Condom use decreases pelvic inflammatory disease recurrence

July 28, 2004

This article will appear in the August 2004 issue of the American Journal of Public Health, which will be released on July 29 at 4pm ET.

PITTSBURGH, July 28 - Women wishing to decrease their risk for a common and serious infection of the upper genital tract called pelvic inflammatory disease (PID) should make sure their sexual partners use condoms and use them consistently, according to a multi-center study from the University of Pittsburgh's Graduate School of Public Health (GSPH).

Appearing in the August issue of the American Journal of Public Health, the report is the first prospective study to clearly show an association between regular condom use and a reduced risk not only for recurrent PID, but also for related complications such as chronic pelvic pain and infertility, said Roberta Ness, M.D., M.P.H., professor and chair of the department of epidemiology at GSPH and the study's first author.

Consistent condom users were half as likely to have an episode of recurrent PID as those women whose partners never used condoms, the study found. Significantly, women who reported regular use of condoms were 60 percent less likely to become infertile. The rate of reported condom use appeared to have no effect on future chronic pelvic pain.

"Bacteria that cause cervical infection can travel into the upper genital tract and trigger PID," said Dr. Ness, who also directs the women's health program at GSPH and is professor of medicine and obstetrics and gynecology and reproductive sciences at the University of Pittsburgh School of Medicine. "Many different organisms can cause the disorder, but most cases of PID are associated with sexually transmitted diseases (STDs) such as gonorrhea or chlamydia."

The study population included 684 women aged 14 to 37 who were enrolled at 13 U.S. centers between March 1996 and February 1999. The women, all of whom had symptoms consistent with a diagnosis of PID at enrollment, were interviewed regarding their medical history and contraceptive use, then followed for nearly three years.

While the association between condom use and a decreased risk of acquiring the human immunodeficiency virus (HIV) and other viral STDs is well known, fewer data exists on the relationships among condom use, bacterial STDs and PID, explained Dr. Ness.

"The finding is significant because PID tends to recur," she said, adding that some 8 percent of women will have PID at some time over their reproductive lives, increasing the chances for future chronic pain and infertility.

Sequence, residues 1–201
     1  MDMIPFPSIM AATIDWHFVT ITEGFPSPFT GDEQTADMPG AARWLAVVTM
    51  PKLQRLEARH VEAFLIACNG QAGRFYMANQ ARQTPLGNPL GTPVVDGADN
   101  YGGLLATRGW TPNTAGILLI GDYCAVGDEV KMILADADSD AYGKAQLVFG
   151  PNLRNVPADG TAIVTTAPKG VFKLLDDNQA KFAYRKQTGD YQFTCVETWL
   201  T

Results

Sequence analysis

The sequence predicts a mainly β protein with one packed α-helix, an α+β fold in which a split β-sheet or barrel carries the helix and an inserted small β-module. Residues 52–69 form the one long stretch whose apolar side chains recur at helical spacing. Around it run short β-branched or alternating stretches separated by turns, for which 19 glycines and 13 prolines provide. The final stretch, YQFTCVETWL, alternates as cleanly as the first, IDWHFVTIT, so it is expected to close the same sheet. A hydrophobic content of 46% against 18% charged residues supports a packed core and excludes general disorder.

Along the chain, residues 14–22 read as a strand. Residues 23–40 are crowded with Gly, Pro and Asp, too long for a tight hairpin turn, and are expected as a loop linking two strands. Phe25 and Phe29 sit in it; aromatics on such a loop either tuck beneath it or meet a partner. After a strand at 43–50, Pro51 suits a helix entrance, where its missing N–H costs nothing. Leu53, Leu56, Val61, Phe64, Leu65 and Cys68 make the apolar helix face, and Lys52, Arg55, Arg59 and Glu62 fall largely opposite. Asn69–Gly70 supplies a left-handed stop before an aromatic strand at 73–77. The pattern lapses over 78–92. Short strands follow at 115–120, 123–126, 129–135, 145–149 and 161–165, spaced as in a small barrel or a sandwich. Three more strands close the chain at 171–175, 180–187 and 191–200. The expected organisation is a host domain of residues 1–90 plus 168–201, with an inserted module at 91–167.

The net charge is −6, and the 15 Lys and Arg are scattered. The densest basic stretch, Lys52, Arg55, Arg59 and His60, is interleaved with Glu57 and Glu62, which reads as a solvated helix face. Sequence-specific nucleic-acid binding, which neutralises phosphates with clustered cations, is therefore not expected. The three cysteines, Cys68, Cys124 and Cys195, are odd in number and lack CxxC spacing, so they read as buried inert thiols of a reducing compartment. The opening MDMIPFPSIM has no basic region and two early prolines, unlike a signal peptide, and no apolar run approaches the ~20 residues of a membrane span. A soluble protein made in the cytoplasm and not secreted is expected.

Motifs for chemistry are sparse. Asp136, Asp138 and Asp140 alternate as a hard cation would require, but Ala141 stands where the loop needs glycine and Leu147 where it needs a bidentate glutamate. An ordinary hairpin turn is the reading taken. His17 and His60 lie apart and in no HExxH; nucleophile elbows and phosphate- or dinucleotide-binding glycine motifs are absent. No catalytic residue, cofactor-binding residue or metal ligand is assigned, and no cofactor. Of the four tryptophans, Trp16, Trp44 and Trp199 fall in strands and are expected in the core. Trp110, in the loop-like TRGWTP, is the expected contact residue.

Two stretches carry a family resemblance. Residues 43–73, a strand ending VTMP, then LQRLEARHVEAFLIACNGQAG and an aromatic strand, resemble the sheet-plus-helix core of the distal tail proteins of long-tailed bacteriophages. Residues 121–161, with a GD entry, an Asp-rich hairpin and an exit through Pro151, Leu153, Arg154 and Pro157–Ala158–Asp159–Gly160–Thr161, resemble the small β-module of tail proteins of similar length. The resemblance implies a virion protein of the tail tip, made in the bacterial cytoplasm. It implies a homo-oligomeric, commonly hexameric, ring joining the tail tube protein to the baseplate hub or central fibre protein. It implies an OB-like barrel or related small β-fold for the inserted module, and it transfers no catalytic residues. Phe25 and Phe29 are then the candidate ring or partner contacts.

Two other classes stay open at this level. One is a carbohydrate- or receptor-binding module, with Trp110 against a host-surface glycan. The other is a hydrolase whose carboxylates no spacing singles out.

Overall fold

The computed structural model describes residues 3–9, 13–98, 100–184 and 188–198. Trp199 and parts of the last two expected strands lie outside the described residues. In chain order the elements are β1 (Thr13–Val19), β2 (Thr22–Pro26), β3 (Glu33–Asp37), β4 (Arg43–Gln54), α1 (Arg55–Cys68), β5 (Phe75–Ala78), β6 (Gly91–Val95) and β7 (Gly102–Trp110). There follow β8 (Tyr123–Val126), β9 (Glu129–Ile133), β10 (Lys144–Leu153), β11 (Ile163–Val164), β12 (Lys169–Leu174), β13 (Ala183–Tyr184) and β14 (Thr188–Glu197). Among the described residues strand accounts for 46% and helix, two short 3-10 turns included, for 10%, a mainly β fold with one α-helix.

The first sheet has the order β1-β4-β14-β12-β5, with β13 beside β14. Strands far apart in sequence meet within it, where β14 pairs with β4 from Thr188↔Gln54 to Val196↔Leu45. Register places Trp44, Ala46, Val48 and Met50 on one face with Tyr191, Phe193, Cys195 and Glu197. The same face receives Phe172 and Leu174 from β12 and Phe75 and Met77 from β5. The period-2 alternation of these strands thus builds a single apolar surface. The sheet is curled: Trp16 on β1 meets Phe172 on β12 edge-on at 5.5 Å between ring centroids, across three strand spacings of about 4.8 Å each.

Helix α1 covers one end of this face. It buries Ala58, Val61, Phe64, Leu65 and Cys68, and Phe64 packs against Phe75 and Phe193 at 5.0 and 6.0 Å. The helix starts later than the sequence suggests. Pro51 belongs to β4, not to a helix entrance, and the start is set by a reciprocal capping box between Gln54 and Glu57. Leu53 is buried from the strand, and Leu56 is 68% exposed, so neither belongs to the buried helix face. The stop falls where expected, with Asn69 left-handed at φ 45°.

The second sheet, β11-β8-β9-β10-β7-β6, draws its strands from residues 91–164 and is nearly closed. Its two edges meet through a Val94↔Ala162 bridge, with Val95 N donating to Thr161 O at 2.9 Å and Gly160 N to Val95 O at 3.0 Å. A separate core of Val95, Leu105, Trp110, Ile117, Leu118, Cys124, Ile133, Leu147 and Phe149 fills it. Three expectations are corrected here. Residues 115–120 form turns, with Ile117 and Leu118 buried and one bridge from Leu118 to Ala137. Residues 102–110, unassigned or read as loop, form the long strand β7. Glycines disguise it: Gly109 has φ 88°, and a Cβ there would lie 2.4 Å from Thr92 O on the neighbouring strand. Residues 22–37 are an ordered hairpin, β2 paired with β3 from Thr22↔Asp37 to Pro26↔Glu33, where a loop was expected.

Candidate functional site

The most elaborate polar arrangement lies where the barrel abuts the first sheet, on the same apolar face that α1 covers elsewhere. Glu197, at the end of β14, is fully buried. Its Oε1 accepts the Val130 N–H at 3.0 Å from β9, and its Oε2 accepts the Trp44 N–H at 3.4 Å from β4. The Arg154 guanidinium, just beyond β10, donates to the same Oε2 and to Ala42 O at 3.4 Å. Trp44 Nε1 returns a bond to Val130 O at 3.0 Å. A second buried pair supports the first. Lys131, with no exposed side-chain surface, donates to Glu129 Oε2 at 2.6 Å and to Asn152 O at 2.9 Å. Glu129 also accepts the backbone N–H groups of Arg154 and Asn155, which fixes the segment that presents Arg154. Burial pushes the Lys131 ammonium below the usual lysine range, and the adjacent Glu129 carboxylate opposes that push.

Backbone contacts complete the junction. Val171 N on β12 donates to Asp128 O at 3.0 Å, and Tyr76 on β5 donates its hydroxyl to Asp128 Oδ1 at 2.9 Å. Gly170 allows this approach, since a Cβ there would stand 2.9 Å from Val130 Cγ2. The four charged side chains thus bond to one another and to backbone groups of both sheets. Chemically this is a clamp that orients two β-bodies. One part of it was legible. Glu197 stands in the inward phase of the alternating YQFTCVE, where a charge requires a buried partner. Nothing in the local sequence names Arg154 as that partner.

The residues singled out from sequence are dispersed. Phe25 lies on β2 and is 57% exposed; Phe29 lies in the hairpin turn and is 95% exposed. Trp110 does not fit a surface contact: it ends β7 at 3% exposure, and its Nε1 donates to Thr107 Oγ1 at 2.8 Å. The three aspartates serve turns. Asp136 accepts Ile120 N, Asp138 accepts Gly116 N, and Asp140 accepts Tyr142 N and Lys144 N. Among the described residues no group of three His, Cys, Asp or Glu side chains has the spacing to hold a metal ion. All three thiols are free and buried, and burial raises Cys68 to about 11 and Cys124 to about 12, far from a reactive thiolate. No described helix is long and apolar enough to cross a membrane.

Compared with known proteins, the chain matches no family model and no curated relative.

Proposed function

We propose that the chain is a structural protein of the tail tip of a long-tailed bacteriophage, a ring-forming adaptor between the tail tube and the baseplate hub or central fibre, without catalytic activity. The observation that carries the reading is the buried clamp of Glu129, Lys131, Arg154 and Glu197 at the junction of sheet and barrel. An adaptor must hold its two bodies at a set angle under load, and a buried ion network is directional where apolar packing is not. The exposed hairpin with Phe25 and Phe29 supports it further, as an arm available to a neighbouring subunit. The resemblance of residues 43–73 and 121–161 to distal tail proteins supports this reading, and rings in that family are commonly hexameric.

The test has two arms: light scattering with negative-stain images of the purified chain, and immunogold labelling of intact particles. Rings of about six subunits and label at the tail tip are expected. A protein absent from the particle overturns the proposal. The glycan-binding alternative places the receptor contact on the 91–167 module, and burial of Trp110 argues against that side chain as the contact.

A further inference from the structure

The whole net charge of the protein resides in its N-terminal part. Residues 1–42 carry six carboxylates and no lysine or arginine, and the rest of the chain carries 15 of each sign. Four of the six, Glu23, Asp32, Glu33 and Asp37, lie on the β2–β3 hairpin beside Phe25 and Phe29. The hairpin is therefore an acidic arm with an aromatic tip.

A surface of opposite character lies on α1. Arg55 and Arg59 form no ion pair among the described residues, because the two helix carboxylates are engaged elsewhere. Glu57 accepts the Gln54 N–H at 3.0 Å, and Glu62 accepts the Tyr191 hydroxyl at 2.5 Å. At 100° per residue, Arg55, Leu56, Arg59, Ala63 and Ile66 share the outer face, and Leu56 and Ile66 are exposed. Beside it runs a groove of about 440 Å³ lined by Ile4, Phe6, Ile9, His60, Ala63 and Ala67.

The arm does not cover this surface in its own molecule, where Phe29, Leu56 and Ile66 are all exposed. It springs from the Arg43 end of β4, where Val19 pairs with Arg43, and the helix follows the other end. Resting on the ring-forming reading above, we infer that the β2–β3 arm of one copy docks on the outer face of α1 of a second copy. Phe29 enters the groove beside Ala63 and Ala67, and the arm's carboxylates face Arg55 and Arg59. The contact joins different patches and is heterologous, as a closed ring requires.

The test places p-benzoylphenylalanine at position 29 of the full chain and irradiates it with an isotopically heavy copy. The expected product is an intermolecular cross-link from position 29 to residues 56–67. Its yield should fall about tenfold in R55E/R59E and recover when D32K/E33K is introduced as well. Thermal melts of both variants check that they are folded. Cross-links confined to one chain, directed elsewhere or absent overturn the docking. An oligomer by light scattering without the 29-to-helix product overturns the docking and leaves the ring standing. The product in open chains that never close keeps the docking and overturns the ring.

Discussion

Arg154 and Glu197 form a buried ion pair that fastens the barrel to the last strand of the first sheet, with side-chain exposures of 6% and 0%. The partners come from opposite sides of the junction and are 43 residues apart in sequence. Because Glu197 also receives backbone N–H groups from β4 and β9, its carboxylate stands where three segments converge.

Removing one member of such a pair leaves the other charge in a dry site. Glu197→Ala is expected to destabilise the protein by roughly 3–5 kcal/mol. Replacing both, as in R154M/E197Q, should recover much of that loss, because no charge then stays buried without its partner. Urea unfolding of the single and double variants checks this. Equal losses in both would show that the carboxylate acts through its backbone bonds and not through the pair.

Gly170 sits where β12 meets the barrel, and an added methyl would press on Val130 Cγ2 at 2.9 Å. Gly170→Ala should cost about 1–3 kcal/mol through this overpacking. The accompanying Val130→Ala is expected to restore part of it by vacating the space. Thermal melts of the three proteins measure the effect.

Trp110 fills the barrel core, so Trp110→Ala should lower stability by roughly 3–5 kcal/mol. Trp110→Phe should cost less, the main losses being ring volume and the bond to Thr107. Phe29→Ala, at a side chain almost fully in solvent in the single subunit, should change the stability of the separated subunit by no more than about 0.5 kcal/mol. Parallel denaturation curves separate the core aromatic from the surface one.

In the United States, more than a million women will have an episode of acute PID each year, with the rate highest among teenagers, according to the National Institute of Allergy and Infectious Diseases of the National Institutes of Health (NIH). More than 100,000 women become infertile each year as a result of PID, and a large proportion of the 70,000 tubal pregnancies that happen yearly are related to the consequences of PID. In 1997 alone, some $7 billion was spent on PID and its complications.

While the study speaks specifically to a decreased risk of disease recurrence among a population of women who have already had at least one apparent episode of PID, the results may indicate a similar reduced risk for PID acquisition in the general population, Dr. Ness noted, adding that more study is needed.
-end-
Additional authors are Richard Sweet, M.D., University of Pittsburgh and Magee-Womens Hospital of the University of Pittsburgh Medical Center; Debra Bass, M.S., and Kevin Kip, Ph.D., both of the University of Pittsburgh; Hugh Randall, M.D., Emory University, Atlanta; Holley Richter, Ph.D., M.D., University of Alabama School of Medicine, Birmingham; Jeffrey Peipert, M.D., M.P.H., and Andrea Montagno, R.N., both of Women and Infants Hospital, Providence, R.I.; David Soper, M.D., Medical University of South Carolina, Charleston; Deborah Nelson, Ph.D., University of Pennsylvania, Philadelphia; Diane Schubeck, M.D., MetroHealth Medical Center, Cleveland; and Susan Hendrix, D.O., Wayne State University, Detroit.

Funding for the study was received from the Agency for Healthcare Research and Quality and from the National Institute of Allergy and Infectious Diseases at NIH.

Founded in 1948 and fully accredited by the Council on Education for Public Health, the University of Pittsburgh Graduate School of Public Health (GSPH) is world-renowned for contributions that have influenced public health practices and medical care for millions of people. One of the top-ranked schools of public health in the United States, GSPH is the only fully-accredited school of public health in the Commonwealth of Pennsylvania, with alumni who are among the leaders in their fields of public health. A member of the Association of Schools of Public Health, GSPH currently ranks third among schools of public health in NIH funding received. The only school of public health in the nation with a chair in Minority Health, GSPH is a leader in research related to women's health, HIV/AIDS, and human genetics, among others.

For more information about GSPH, visit the GSPH Web site at http://www.publichealth.pitt.edu.

University of Pittsburgh Medical Center

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